It may be the last day of July, but already it is a typical Belfast “summer” evening – the temperature is plummeting into the lower reaches of single figures and the rain isn’t taking its time to belt it down as the PM team duck from the adjacent pub and through the venue doorway for this re-scheduled show. The gig originally had been planned as part of Blues Pills’ UK and Ireland trek this past April, but scheduling difficulties meant that we had to wait a bit longer for the Swedish retro monsters’ debut in this part of the world.
Despite the previous cancellation, openers RavenEye had actually played this very same venue as part of that trek: after all, they already had paid their ferry fares and hotel fees, so they hastily arranged their own – and, as it turned out, very poorly attended – headline show. Built around the multi-award winning blues guitarist Oli Brown, who is using the project to showcase the heavier end of his musical spectrum, the trio are a bundle of broiling energy. Brown leaps around the stage like a maniac and drummer Kev Hickman is grinning from ear to ear, standing up and encouraging the crowd to clap and cheer along when he’s not beating 50 shades of the proverbial out of his kit. Bassist Aaron Spiers is initially a bit more reserved than his two bandmates, but the spirit of the evening quickly engulfs him, and on ‘Hey Hey Yeah’ he takes to the pit barrier, where Brown climbs upon his shoulder to deliver an absolutely blistering solo.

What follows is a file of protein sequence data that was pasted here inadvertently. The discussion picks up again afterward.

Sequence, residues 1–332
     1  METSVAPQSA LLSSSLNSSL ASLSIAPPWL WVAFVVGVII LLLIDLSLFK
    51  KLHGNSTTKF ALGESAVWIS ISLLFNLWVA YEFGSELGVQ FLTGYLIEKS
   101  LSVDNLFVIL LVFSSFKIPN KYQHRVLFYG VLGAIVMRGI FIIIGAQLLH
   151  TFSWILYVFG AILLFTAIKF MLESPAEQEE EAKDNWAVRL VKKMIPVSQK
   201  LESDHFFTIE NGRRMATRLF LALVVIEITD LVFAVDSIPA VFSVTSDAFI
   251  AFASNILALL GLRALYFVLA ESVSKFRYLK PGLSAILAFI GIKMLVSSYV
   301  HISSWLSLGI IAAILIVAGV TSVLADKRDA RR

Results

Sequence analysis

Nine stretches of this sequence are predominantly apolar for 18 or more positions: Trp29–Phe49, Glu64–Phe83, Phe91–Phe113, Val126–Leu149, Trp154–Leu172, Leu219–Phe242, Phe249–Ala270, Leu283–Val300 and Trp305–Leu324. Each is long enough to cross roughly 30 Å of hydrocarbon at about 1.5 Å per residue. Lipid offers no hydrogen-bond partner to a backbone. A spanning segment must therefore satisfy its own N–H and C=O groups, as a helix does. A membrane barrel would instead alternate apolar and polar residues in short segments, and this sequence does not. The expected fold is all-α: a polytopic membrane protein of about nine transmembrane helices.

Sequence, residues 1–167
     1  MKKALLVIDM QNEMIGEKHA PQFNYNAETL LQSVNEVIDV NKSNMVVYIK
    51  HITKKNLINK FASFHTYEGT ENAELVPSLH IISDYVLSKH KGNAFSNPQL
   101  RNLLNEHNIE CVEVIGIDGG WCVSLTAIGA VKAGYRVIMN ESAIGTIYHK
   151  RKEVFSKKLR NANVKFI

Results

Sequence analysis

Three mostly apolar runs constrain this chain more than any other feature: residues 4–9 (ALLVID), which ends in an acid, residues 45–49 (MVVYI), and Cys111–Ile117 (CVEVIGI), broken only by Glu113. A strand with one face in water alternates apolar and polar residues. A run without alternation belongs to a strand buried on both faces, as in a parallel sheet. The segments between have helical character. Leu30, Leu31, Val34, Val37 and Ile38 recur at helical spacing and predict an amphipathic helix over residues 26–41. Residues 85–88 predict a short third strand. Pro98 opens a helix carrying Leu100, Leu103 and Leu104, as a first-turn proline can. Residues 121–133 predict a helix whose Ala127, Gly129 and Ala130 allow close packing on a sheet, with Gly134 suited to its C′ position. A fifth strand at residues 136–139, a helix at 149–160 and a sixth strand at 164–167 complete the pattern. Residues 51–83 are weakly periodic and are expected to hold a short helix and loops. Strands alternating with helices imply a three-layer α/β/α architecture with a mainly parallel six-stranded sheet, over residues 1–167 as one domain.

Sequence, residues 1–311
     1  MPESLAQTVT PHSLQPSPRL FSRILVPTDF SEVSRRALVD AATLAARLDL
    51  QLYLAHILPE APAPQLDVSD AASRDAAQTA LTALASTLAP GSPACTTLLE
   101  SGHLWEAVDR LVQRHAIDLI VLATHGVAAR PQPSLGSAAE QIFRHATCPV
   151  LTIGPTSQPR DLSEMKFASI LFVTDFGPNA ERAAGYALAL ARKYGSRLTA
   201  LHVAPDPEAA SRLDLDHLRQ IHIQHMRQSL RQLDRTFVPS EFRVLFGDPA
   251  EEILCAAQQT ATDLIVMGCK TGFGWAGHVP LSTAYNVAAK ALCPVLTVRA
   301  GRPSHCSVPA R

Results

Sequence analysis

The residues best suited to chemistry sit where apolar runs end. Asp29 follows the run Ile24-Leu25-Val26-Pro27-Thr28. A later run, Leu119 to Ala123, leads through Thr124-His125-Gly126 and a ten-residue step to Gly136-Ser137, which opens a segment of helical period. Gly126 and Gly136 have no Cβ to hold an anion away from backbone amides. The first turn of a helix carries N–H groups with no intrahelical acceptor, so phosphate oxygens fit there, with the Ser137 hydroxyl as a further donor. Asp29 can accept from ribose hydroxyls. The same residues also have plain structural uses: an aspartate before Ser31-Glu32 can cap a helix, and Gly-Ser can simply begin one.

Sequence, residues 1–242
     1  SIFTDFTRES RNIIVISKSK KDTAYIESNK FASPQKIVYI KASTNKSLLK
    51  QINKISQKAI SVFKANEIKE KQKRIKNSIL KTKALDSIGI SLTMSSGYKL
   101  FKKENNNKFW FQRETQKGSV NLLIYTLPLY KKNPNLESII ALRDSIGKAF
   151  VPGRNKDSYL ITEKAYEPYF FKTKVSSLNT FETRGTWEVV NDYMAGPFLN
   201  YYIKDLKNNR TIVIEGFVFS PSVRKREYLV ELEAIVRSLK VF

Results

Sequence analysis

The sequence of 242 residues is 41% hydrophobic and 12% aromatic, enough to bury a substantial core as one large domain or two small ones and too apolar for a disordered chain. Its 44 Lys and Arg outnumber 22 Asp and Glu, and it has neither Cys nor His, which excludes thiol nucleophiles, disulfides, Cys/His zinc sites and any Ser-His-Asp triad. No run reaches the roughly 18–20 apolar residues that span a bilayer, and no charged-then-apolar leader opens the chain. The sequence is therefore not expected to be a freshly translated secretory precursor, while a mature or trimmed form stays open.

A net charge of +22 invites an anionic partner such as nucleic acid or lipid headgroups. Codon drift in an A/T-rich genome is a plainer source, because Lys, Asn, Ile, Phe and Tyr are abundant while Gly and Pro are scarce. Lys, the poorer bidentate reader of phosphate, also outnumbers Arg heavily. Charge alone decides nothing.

Brown also proves that he is a generous musician: Spiers and Hickman are very much the driving force of the band, and the guitarist happily lets them stretch their own muscles, as when he abandons the guitar altogether and lets the duo prove that they are more than sidekicks to a superstar ego but integral members of an extremely tight and talented unit.
As soon as Elin Larsson opens her throat, you know you are in for a treat, as her Joplin-esque deep throated, roaring blues echoes around the rammed club and immediately captivates everyone present with its psychedelic groove.
Larsson’s fiery, latent energy counterpoints the stoical precision of the three instrumentalists, whose elongated jazz-meets-blues-meets-prog workouts summon a dark Sixties vibe, while the singer’s seering, visceral vocals by turns chill and roast the soul. While the band are laconic in their onstage manner, the singer is obviously enjoying herself, bouncing around the stage and exuding an easy confidence, which transposes itself into her comfortable between-song raps. Hell, she even gives those in the front row of what is underneath her tight black leather skirt when, more than once, she places one of her feet on the stagefront monitors.
The quartet’s thumping, thrumming heavy blues lies evokes early Zeppelin, prime-time Cream and Peter Green-era Fleetwood Mac, and more than pays homage to that golden, pre-metal era as its ethereal hypnotism transports this sweaty venue and everyone therein back to the Denmark Street of 50 years ago with a flawless and totally complete performance that will have many present salivating in anticipation of both the new album and Blue Pills’ return to our fair city.
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Yet To Find / Devil Man
- Photographs by The Dark Queen
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